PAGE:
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Tuesday, July 19, 2005 - 2000 redux: Woods rules golf again - 2000 redux: Woods rules golf again2000 redux: Woods rules golf again
By Tom Spousta, USA TODAY
ST. ANDREWS, Scotland — He might not be able to match his amazing 2000 season, but Tiger Woods has warmed up to the challenge.
Despite missing a putt on Sunday at the British Open, Tiger Woods can't help but smile at his play on the PGA Tour this season.
By H. Darr Beiser, USA TODAY

So in the wake of his five-stroke British Open victory — Woods' 10th professional major championship — has he returned to the level of dominance at which he ruled golf five years ago?

"I can't answer that now," Woods said.

His 2005 performance has begun to parallel his greatest season, when he won three majors and six other tournaments.

At this point in 2000, Woods had just won the British Open here for his sixth victory of the season. He had played 13 PGA Tour events and also captured the U.S. Open. Among his other finishes: a fifth at The Masters, three seconds and one fourth. Woods also won the PGA Championship that year, and when he added The Masters in '01, he earned what was deemed the Tiger Slam for winning four majors in a row, albeit not in the same season. In all, he won seven of 11 majors, starting with the 1999 PGA Championship, during his most dominant stretch.

"What we've seen is that he went ahead of the pack very early in his career," Royal & Ancient Club chief executive Peter Dawson said Monday. "There was an element of catching up by other players. He raised the standard. And now, he seems to be stepping forward again. We'll see if the others step up to the challenge."
Major players
No golfer has won all four professional majors in the same calendar year. Tiger Woods has finished first, second and first in this year's first three majors. Some of the best overall performances in the majors in the same year (minimum two major wins):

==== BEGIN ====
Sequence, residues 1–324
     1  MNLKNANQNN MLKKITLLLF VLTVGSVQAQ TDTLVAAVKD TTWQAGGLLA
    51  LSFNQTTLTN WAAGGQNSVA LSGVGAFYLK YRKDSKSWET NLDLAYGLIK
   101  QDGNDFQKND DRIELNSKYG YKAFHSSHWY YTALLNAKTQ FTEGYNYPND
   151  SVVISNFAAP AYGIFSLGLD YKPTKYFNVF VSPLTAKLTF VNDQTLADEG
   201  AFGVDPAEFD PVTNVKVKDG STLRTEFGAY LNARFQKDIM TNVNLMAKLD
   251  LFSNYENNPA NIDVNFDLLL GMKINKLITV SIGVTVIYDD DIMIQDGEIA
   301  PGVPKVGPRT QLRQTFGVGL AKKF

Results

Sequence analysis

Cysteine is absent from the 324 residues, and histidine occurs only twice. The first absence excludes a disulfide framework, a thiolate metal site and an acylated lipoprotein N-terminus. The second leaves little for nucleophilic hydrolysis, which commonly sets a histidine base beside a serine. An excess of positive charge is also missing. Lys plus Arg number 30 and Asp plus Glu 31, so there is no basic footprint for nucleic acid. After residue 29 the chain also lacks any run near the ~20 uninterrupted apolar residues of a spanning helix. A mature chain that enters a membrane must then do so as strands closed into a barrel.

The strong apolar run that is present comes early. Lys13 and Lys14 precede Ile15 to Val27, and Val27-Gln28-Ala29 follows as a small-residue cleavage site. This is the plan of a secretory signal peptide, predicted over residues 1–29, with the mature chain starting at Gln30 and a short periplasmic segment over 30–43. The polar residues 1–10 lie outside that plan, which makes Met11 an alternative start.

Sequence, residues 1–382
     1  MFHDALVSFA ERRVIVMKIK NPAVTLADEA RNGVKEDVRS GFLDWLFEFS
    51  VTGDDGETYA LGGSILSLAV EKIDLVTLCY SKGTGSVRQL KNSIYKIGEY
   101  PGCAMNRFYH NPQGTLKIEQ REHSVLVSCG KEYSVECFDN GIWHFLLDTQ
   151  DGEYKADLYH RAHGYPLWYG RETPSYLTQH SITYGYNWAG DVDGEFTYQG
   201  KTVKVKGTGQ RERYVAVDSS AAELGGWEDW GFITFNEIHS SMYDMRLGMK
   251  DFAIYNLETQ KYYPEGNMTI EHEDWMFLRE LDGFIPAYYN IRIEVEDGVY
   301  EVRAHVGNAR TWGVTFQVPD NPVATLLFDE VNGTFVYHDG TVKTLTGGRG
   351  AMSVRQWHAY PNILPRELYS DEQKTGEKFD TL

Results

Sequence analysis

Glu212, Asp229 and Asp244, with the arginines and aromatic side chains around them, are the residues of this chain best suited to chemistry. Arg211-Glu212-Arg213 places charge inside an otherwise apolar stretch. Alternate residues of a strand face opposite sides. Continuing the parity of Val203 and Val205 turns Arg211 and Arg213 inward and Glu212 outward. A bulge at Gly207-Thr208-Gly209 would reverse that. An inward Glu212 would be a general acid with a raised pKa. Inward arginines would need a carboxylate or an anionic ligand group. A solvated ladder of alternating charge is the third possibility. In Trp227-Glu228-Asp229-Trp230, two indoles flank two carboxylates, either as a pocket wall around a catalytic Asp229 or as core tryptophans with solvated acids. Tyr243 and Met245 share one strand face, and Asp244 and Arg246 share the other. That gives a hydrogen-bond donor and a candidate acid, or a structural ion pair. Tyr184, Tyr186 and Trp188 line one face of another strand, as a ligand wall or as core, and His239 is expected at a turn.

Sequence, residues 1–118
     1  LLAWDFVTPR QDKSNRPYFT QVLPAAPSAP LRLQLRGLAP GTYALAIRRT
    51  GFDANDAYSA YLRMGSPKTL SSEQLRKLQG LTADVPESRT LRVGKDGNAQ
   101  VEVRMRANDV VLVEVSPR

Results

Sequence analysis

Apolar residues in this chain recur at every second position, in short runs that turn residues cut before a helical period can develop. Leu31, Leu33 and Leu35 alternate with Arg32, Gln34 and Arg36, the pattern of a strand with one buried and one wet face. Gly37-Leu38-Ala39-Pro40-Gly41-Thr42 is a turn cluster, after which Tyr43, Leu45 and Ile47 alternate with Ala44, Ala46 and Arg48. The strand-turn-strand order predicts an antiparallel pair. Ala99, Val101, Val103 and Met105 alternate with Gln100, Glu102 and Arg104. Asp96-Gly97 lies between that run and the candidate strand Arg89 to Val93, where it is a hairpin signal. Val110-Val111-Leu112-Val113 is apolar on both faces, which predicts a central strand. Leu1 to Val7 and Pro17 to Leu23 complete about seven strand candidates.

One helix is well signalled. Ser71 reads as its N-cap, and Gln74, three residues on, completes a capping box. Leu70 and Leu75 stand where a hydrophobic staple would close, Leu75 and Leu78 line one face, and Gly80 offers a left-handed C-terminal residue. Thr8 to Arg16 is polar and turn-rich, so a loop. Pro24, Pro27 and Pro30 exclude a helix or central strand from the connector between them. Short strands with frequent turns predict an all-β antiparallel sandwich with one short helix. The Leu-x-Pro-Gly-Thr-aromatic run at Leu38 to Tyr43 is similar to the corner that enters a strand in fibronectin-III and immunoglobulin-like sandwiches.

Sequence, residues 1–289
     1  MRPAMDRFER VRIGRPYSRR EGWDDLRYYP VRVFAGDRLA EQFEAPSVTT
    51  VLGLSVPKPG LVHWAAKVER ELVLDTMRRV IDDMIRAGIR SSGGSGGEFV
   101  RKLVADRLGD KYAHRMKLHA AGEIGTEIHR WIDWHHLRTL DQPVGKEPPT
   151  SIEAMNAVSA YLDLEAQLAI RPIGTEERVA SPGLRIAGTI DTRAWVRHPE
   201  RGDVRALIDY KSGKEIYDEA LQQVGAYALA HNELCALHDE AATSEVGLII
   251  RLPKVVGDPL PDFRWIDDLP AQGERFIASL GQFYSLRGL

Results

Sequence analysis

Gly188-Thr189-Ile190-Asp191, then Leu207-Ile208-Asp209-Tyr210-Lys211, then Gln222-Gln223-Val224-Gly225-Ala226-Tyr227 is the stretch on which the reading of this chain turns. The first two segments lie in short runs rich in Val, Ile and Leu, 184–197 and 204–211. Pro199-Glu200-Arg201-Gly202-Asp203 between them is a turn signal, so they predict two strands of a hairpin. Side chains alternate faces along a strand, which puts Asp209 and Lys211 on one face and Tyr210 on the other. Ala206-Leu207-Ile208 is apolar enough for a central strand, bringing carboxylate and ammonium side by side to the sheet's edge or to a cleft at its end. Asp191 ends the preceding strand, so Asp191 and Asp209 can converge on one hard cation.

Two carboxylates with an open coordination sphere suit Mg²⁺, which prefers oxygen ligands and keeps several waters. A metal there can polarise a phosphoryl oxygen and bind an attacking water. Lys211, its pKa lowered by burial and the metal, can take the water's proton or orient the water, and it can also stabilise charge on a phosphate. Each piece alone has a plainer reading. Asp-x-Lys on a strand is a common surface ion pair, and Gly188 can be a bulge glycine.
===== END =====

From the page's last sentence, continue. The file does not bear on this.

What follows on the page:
With Sunday's win, Woods is eight majors from tying the record of 18 set by Jack Nicklaus.

"I have to say, that is the best I have seen Tiger swing," Nicklaus said after Woods shot a 2-under 70 on the final day. "Tiger has been working on his game, and he certainly seemed to find it at St. Andrews. Tiger looked in total control; he never looked like there was a chance for him to lose."

Sunday's triumph at the British Open was Woods' fourth victory in 14 tournaments this year. It was his second major title, too, joining The Masters.

In his other two victories this year, he rallied to win during the final round, coming from two strokes behind at the Buick Invitational and in his duel with Phil Mickelson at the Ford Championship at Doral.

One glaring difference in '05: Woods missed the cut at the EDS Byron Nelson Championship, ending his record run of 142 made cuts in a row.

Whether he reaches his 2000 heights or not, Woods appears to be within range of surpassing Vijay Singh's money record of $10.9 million set last season. Woods' paycheck for the British Open pushed him to $6.6 million, tops on the PGA Tour this year. Singh, who tied for fifth at St. Andrews and has played 21 events (seven more than Woods), is second at $5.99 million.

Woods also has the inside track to reclaiming Player of the Year honors, which he won five consecutive times from 1999-2003 before Singh interrupted his streak.

And Woods likely has solidified his No. 1 world ranking ahead of Singh based on his recent impressive victories, which count more on the world ranking points system that's weighted over a two-year span.

In the past, Woods has downplayed any "Big Five" rivalries, saying he had to play the course, not competitors. Now, he's embracing those rivalries as the PGA Championship approaches.

"Look at how many tournaments we've won over the last five years, around the world. It's pretty impressive to look at how many tournaments we've won as a group," Woods said.

"Right now any one of us can win any tournament that we enter, especially with the field getting as deep as they are. For the five of us to have been able to win major championships during the same era, the same time, we're all in the field together, it adds to that."

Contributing: Wire reports

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